The observation of basidiomata that adhere to living plant matter has been previously reported for a number of temperate species with stereoid basidiomata such as Thelephora terrestris and T. griseozonata (Cunningham 1957, Corner 1968, Watling 1996). This process has traditionally been described as incrustation, however, studies demonstrating the type of interspecific interaction have been lacking. The current study was able to demonstrate that T. sp. maintains an entirely epiphytic relationship with the plants to which it adheres, similar to what was proposed by Cunningham (1957) and referred to by Corner (1968) as weak parasitism. Our data show, moreover, that T. sp. does not demonstrate specificity towards particular plant parts or taxa. It is important to note, however, that although the growth form of the basidiomata of T. sp. is variable, the difference in growth form is temporary, as the basidiomata regain their clavarioid growth as soon as they have surpassed barriers in their path (Fig. 1C).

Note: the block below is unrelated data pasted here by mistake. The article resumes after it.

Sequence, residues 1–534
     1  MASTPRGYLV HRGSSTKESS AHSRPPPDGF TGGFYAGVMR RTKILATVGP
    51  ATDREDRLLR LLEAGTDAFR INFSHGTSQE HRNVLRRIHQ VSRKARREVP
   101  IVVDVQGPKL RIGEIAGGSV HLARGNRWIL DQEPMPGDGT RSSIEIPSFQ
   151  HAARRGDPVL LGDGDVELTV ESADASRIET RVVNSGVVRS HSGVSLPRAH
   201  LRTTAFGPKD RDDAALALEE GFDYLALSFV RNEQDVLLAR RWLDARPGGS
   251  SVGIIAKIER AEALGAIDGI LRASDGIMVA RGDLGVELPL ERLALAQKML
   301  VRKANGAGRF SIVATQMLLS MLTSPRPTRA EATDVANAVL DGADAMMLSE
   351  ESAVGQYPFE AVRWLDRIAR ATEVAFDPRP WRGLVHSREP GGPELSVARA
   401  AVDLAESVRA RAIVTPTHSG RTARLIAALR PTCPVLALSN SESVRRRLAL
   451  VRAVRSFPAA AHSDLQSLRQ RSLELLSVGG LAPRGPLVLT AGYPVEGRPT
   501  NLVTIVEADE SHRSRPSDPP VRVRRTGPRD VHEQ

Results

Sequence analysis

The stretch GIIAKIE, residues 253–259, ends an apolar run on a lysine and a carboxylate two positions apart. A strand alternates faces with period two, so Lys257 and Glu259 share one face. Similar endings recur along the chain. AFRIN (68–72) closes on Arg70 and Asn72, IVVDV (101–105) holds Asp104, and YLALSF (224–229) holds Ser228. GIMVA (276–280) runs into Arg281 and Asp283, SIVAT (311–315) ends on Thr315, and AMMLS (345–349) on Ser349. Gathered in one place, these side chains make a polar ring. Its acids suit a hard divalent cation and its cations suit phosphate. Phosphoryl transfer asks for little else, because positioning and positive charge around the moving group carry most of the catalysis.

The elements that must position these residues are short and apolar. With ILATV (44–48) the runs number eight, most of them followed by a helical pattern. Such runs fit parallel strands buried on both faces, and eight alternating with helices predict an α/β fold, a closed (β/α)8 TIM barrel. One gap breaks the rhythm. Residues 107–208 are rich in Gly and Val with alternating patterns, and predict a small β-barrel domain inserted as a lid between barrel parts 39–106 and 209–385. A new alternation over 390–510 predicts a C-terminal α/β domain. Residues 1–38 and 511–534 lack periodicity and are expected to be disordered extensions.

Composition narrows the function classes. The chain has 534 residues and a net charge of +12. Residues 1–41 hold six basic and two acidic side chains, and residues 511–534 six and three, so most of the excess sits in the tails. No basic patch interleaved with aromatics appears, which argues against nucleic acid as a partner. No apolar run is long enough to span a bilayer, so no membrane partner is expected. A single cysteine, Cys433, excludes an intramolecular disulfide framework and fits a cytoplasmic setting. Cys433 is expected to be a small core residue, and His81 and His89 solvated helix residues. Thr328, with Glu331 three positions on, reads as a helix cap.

The particular behavior of T. sp. is relevant from several perspectives: (1) biologically, as it indicates that this organism has the capacity to modify the development of its basidiomata and regain its original form; (2) taxonomically, in the interpretation of the observed variation of form as a differentiating character; and (3) ecologically, as a strategy for the species to complete the development of basidiomata in spite of barriers during development.